Mental health problems are often not identified and treated in children in these circles, and some of the aspects of patriachal homeschooling life may contribute to the development of mental health disorders. This leaves suffering children even more vulnerable to bullying since children suffering from depression and similar struggles may only appear to be quiet and awkward, whereas in a public school they may have been identified as needing a teacher-mentor or recommended to see a mental health professional. An additional problem unique to church and homeschool groups that prevents children from being protected from bullying is that there is no central figure that children can turn to if their life isn’t working like a teacher or principal. Each parent usually has faith in their own children, and all parents in the church group or homeschool group has faith in their system, and it threatens their choices if the system doesn’t work, so there is simply no room for a bullied child to seek help.
Please share your input regarding the differences between bullying in public schools and patriarchal church and homeschool groups!
AKA You either Hold the Whip or you Feel the Whip, no other way exists, and that is the way things have always been and always will be.
Hold the Whip or Feel the Whip.
This a sad yet interesting post.
I was curious if you might have any experience or thoughts on how relational aggression works between homeschooled girls in groups with both conservative girls being raised to be “keepers at home” and secular girls who are told the sky is the limit and may also be interested and involved with “masculine” interests; especially sports and STEM? Would there be more friction or a different dynamic to the bullying in such a circumstance?
Interesting question. I’m trying to think of a natural way such a meeting of secular and “keepers at home in training” girls would be thrown together in such a way. Do you have an example?
The only relatable situation I can think of is meeting at a store, in which case they typically ignore each other, but they aren’t really grouped then. By their very nature such girls aren’t usually involved in sports or other secular teams, schools, or outings of any kind that would have them rubbing shoulders with secular girls since their parents structure their lives to avoid this.
A military sponsored homeschool class would be one example. All children with a sponsor parent assigned to that particular post are eligible to attend the class and being that homeschooling is fairly common in the military world for the benefits afforded with frequent moves, an odd mix of secular and religious homeschoolers are likely to take advantage of such a service. This may be especially true on/near more isolated installations where homeschool groups are limited, if they exist at all.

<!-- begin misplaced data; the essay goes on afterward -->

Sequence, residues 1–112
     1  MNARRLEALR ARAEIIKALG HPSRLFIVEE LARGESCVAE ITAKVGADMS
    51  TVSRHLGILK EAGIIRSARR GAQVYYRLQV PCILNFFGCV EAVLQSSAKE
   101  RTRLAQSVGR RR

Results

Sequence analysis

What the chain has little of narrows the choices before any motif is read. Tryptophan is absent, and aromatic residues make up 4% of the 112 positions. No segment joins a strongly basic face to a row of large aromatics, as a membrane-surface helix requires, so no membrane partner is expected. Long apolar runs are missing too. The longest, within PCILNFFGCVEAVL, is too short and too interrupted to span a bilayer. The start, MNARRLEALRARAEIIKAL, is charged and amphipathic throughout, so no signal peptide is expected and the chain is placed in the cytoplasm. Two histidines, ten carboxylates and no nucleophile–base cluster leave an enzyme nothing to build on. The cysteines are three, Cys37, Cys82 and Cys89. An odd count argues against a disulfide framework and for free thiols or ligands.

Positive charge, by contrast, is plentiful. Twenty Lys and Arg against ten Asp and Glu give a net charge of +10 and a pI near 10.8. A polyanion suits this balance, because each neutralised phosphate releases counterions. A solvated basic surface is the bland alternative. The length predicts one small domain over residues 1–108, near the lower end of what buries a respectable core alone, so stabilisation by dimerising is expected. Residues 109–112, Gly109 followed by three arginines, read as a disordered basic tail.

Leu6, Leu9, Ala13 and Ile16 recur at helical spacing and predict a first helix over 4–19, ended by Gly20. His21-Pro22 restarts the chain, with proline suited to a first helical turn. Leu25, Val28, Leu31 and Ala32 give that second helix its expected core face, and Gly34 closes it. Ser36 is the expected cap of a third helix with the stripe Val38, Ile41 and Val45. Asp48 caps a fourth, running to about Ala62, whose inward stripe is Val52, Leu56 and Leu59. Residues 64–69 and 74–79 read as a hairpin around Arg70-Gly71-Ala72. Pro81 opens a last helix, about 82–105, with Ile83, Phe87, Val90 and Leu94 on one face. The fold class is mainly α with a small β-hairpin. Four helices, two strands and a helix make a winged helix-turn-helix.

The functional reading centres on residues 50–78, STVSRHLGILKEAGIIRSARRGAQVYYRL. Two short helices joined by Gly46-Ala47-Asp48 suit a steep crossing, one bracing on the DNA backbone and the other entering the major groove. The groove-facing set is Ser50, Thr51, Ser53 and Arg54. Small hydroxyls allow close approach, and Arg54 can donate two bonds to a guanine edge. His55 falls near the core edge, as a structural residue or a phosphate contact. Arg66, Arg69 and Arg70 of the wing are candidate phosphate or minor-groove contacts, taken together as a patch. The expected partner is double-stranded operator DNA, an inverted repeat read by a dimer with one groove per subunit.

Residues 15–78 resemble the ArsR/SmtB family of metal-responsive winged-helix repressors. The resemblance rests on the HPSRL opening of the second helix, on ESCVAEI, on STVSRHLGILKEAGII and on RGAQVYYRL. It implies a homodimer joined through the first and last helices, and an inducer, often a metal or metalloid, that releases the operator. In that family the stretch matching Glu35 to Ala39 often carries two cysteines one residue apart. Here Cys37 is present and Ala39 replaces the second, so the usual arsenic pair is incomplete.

I realize that may be a poor example due to being too specific for a more general question.
@Gracie – The nearest example I can think of for interaction between homeschool and secular girls is in churches with homeschooled and public school kids. They tend to sort on those lines as they don’t have much in common.
Another thing I’ve realized is that I’ve been willing to put up with all kinds of abuse just because the other option is loneliness. If you complain of a kid’s behavior in a homeschool setting chances are your mom will complain to that kid’s mom and then the moms will get in a fight and you and that other kid won’t be allowed to interact. When you only know one or two kids your age this is a really high cost.
Thank you for indulging my curiosity MyOwnPerson. Your first observation about ‘self-sorting’ is very interesting.
I’m sorry to read about your experiences and hope I don’t sound condescending for saying so as that is not my intention. My daughter may be going through a similar experience right now but is not yet old enough to fully articulate her feelings about what is happening . An only child and the only secular/agnostic child in most homeschool settings is a rough combination and perhaps not healthy for long-term social development.
But what if they are homeschool and secular or conservative and secular?
To all you homeschooled commenters on this post: Your comments about your upbringing, so criminally abusive both physically and psychologically, are incredibly insightful. Your strength and maturity after such adversity make me hopeful that the Christian Patriarchy/Quiverfull movement will be a VERY short-term phenomenon. Above all, I’m glad to see you all finding peace in your “normal” (what I consider humanistic) lives. The world is actually a wonderful place that invites your discovery. Your children are fortunate to have you as their parents.